1. Izumo Taisha (Shimane)
Located in Shimane Prefecture, Izumo Taisha is the one of the most prominent and important Shinto shrines in all of Japan, made up of a sprawling complex near the west coast. This National Treasure is believed to have been constructed by descendants of the sun goddess Amaterasu. Today, the shrine, heavily forested and embraced by the Chugoku mountain range, still has major connections with the Imperial Family, having hosted Princess Noriko’s fall wedding in 2015. Every January 1 and 3, Izumo Taisha welcomes the New Year with its annual festivals, drawing millions of visitors.
2. Ise Jingu (Mie)
Another Shinto hall of significance is Ise Jingu, located in Mie Prefecture. Though widely acclaimed for its autumn rituals and December agricultural festivities, Ise Jingu is home to an ancient pilgrimage route, and members of the Imperial Family have reigned as the high priest and priestess since the seventh century.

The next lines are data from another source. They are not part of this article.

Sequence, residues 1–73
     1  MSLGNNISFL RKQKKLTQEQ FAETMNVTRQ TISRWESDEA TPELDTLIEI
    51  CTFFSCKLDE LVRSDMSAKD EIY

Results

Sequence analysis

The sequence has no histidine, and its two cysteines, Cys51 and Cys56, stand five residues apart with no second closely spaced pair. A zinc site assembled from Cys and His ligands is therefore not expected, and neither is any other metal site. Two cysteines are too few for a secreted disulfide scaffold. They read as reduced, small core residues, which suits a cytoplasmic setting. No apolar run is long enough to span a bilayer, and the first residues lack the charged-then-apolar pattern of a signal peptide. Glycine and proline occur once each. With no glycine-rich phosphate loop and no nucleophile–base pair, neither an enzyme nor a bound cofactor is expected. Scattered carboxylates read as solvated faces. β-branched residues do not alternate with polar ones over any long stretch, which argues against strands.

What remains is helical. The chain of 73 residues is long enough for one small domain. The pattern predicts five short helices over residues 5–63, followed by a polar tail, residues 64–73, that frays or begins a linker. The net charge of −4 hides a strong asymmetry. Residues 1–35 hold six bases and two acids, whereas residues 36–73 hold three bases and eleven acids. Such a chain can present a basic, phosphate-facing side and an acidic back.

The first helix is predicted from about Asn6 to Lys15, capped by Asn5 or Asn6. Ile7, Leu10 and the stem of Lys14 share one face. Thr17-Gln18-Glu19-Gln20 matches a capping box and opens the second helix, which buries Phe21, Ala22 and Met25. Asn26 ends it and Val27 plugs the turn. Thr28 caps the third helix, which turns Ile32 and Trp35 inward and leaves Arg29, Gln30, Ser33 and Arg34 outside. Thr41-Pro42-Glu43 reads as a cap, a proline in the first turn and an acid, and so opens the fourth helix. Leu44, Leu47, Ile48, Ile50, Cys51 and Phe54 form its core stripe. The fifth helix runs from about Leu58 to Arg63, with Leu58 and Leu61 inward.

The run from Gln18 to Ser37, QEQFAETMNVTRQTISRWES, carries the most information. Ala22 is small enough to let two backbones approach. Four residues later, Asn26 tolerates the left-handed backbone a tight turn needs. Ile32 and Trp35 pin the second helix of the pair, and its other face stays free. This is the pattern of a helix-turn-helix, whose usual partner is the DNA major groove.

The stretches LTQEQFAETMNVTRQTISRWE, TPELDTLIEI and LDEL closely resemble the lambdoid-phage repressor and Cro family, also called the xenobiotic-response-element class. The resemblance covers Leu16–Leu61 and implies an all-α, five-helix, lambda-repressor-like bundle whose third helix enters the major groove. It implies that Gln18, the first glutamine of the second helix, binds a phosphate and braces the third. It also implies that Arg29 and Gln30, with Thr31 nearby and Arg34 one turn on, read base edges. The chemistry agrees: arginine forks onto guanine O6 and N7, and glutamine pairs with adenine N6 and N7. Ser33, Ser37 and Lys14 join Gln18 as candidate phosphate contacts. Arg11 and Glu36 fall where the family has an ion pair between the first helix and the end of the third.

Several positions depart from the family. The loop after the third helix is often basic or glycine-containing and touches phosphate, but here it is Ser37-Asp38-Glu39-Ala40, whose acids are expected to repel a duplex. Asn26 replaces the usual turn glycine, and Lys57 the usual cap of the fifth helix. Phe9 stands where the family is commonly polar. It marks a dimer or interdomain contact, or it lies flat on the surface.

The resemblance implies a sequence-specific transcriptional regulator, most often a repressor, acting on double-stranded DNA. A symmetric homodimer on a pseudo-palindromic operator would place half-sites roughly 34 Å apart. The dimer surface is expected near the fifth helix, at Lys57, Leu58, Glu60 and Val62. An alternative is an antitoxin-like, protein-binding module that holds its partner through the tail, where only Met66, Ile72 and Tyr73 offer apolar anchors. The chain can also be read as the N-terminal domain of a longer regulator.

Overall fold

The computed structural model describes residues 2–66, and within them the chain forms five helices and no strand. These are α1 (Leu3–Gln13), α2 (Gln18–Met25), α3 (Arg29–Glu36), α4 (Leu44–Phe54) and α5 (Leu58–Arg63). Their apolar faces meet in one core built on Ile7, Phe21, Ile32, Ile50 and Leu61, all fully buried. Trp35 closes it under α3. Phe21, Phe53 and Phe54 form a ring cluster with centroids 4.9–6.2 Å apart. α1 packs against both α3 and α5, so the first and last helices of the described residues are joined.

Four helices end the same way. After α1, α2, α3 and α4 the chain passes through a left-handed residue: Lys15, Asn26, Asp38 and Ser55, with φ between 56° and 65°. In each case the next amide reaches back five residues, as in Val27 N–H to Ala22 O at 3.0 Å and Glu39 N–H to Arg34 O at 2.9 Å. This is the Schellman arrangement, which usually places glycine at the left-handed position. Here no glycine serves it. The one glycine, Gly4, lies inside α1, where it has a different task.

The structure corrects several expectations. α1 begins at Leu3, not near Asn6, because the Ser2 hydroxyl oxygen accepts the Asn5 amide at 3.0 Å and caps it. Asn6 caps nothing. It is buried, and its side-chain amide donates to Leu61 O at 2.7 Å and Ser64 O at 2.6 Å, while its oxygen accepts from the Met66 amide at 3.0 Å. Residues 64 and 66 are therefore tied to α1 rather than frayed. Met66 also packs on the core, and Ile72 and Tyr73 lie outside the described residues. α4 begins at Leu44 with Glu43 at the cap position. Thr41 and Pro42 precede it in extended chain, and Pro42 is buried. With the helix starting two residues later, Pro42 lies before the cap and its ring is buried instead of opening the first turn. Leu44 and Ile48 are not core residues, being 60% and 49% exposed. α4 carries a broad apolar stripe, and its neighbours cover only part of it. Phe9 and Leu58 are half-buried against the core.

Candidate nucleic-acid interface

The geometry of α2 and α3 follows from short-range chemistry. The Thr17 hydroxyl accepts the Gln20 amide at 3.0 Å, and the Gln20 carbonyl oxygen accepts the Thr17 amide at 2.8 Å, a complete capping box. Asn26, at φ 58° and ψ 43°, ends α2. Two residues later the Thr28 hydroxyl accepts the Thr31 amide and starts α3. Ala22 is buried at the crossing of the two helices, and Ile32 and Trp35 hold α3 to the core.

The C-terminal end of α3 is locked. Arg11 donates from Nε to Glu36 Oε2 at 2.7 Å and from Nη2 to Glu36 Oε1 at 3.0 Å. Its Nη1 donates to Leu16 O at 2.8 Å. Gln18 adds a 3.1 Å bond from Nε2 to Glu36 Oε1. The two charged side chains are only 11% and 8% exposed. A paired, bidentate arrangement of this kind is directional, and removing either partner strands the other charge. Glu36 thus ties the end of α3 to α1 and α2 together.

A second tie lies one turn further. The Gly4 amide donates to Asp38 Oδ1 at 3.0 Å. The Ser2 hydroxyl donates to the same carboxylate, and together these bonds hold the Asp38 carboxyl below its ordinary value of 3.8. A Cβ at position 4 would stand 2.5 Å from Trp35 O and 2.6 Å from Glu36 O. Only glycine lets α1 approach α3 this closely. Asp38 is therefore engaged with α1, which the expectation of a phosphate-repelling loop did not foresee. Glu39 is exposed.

The complex houses old artifacts and the Sacred Mirror, one of the holiest Shinto items. The nearby village retains rustic Japanese history, with original and replica buildings still in place from centuries ago. Only those of noble birth are allowed into the most hallowed portions of the shrine, but there are more than 100 shrines around the main complex and the city of Ise, making it an ideal spot for hatsumode enthusiasts.
If you're in the Tokyo area for the New Year, Meiji-Jingu, Jindai-ji, Zojo-ji (above) and Senso-ji are the go-to places for big-city dwellers. But wherever you're spending New Year's Day in Japan, you won't want to miss the time-honored tradition of hatsumode!